Worst California Fire Puts Death Toll At 63, 631 Still Missing

Worst California Fire Puts Death Toll At 63, 631 Still Missing

 

The number of those who have died from the most disastrous California fire on record has increased to 63 people, with over 631 persons still missing.

These stats were revealed on Thursday at a news conference held by Butte County Sheriff Kory Honea. Only a day ago, the number of missing people was put at 130.

Honea explained the wide disparity in reported figures as evidence of a more thorough count after emergency calls and other reports of missing people from the past week were checked. The initial figure was only a partial estimate.

 

The list probably included some who had fled the blaze and did not realise they had been reported missing, he added.

 

‘The chaos that we were dealing with was extraordinary,’ he said of the early crisis hours. ‘Now we’re trying to go back out and make sure that we’re accounting for everyone.’

 

 

Authorities also reported seven more fatalities, bringing the total to 63, in the deadliest wildfire in state history.

Authorities have received complaints by some survivors who reported they didn’t get warned early enough or even at all. The complaints are raising new questions about the best approach to use for evacuation procedures.

 

Reeny Victoria Breevaart, who lives in Magalia, a forested community of 11,000 people north of Paradise, said she could not receive warnings because mobile phones were not working. She also lost electrical power.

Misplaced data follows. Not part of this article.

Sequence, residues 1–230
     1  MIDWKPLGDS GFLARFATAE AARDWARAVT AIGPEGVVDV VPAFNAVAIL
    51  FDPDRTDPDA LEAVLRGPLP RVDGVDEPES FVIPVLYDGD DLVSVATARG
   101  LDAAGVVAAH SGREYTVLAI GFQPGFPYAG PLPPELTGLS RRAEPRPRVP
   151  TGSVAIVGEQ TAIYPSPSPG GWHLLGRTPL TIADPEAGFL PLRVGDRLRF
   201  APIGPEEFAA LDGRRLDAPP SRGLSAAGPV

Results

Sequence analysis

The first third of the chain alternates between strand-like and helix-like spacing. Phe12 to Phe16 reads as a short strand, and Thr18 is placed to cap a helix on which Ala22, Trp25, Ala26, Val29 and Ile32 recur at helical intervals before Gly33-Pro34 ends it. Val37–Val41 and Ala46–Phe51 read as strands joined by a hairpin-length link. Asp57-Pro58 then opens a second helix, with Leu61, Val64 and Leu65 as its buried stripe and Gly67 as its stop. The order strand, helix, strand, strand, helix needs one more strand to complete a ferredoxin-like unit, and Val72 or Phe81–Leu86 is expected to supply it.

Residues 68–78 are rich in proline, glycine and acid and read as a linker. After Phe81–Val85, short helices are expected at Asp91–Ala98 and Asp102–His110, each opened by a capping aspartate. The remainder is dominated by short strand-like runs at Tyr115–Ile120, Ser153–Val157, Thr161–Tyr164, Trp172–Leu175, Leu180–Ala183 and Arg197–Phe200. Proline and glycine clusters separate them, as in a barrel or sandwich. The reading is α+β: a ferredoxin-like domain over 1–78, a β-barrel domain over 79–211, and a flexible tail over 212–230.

Honea said evacuation orders were issued through 5,227 emails, 25,643 phone calls, and 5,445 texts, in addition to social media and the use of loudspeakers. As mobile phone service went down, authorities went into neighbourhoods with bullhorns to tell people to leave.

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‘The fact that we have thousands and thousands of people in shelters would clearly indicate that we were able to notify a significant number of people,’ the sheriff said.

 

The Camp Fire, one of three that has caused serious damage, is still raging. Firefighters report it is 40 percent contained even though it has displaced 52,000 people and destroyed 9,500 homes.

The search for survivors is still on all sits. President Trump plans to travel to California on Saturday to visit victims of the wildfire burning at both sides of the state.

 

In Southern California, crews continued to gain ground against a blaze of more than 153 square miles that destroyed more than 500 structures in Malibu and communities. At least three deaths were reported.

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